I am the mother of the poster Shaida on 9/5/14 in which we travelled to Washington to get her Shenasnameh. I am American born, married to an Iranian/US Citizen for some 43 years now. I had been to Iran in 1973 and since our daughter Shaida’s birth had not had a reason for getting our daughter registered. Due to the issues of raising a family and respective careers, a trip back home just never happened again. At her marriage and now in her later years our daughter decided she MUST see her father’s homeland. I was very worried of the possible consequences but travelled with my husband and Shaida to Washington this past week and can attest to the fact that the Embassy trip was a surprisingly lovely (if not short) occasion. For some time now she has corresponding with you and followed your journey for a trip back to Iran. I would just like to thank you for your inspiration and kindness in posting your journey and sharing some of the trials and tribulations of same in this blog. It gave her a boost and the necessary impetus to continue in her quest. She now feels she is OFFICIAL (even though I KNEW she was official all along!) I am very pleased to witness her own sharing of the information for others and hope those individuals have as wonderful experience as we did. We look forward to travelling back to Iran next year. I intend to continue following your informative work and am absolutely thrilled with your books. I hope you may some day seek my own work at and witness my own family’s journey through the ages. Once again, I send my sincere appreciation for your inspiration to my beloved daughter. Blessings to you and yours my friend…

  35. Hi Dell, how wonderful to hear from you. I’m glad I’ve been able to help Shaida. She has inspired me, too. I’m thrilled for her and all of you that you will get to go back to Iran next year. Shaida is lucky to have such supportive parents. It was generous of you to support Shaida in going back and understanding her heritage, despite your fear. If you want any recommendations I’ll have plenty, but knowing Iran, your family will probably have planned every minute of your stay. Major thanks to Shaida for posting such a detailed account of the process of getting her passport, it’s an excellent resource for everyone. And your site is fascinating, I just went over and browsed. Keep me posted on your travel planning, and thanks for making my day.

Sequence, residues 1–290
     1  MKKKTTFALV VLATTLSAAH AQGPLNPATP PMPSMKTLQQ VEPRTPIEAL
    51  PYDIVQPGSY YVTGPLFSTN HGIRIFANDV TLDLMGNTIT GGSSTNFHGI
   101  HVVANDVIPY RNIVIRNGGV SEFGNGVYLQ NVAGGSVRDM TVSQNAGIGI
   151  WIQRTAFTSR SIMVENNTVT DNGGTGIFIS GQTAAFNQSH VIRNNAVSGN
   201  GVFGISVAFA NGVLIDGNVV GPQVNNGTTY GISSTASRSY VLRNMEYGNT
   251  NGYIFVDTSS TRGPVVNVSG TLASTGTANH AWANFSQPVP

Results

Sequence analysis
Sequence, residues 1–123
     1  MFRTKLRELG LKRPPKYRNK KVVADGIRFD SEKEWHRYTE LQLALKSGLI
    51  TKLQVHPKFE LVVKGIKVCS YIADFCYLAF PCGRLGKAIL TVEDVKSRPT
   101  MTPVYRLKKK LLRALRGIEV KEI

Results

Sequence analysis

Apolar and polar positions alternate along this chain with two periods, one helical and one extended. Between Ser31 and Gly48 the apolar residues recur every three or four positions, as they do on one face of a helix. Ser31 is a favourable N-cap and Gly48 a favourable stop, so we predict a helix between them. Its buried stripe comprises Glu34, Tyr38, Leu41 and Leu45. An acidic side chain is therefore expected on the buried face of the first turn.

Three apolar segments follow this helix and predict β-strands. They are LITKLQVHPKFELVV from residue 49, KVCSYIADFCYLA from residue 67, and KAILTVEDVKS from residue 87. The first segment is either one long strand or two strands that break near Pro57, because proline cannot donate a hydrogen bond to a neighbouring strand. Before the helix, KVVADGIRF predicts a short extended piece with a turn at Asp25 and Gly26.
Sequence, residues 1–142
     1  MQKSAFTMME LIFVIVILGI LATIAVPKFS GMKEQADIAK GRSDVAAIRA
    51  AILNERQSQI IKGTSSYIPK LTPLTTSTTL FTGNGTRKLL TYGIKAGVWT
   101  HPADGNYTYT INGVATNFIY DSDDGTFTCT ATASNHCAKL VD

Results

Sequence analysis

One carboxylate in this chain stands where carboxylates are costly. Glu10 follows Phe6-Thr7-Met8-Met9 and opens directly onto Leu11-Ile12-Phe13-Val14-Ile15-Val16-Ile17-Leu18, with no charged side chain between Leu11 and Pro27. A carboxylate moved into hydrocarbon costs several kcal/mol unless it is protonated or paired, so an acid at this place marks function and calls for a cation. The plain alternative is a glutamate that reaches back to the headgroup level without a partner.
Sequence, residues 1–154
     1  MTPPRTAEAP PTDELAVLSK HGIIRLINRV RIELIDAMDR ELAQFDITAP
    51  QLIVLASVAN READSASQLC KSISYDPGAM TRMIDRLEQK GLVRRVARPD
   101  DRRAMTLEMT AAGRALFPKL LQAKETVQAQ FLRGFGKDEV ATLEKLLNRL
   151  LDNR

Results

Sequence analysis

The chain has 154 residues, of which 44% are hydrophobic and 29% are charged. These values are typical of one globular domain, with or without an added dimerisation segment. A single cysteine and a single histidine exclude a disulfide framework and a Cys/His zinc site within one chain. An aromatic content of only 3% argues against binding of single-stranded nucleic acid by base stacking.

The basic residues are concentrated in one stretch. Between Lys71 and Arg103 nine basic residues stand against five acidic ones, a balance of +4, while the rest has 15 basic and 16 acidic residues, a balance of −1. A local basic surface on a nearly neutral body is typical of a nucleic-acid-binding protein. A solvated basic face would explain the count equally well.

1. Thanks for your response Louisa. My daughter’s feet still have not touched the ground since she received her papers last week but I am feeling a little less fearful of the whole possibility of travel although of all in our family I have to admit, I’M the scare-dee-cat of all things unknown. My Shaida has a ‘wanderlust’ that I never have developed, I guess she got it from her Iranian father who travelled the world before God sent him to me. Like her mother she is very detail oriented in her research as you could probably tell by my family stories on my website. I hope you enjoyed my family stories and if you noticed on the top right hand banner of my website, there’s a picture of my family complete with our son Bobby and our baby girl, Shaida. Have a wonderful day girlfriend and if you’re ever our way (back woods of Florida not too far from Disney), look us up and we’ll show you how we live in our beautiful Sunshine State! (However, I promise it won’t involve any alligators!)

  36. I am also half Persian. My father was from Tehran. Recently my family there has been working on getting our inheritance from our grandparents back from the government. My cousins told me that to receive my portion I have to have my Iranian birth certificate and some card I guess is their version of a social security card. I have no idea how to go about this. Where do you start?

    1. I would think that would be the form you need, but you should definitely call the embassy to be sure. Be patient and make a list of the questions you have before you call, as they tend to talk in circles and you can lose track of your thoughts quickly. Good luck!

  37. I’m interested in what you did to get your Iranian passport? I’m half Iranian as well and would like to visit one day. Any information you have to help me get started would be very helpful!


  38. Would you please let me know the steps you took to obtain your passport. I am in the same position as you, having been born here and wanting to visit the country my father was born in.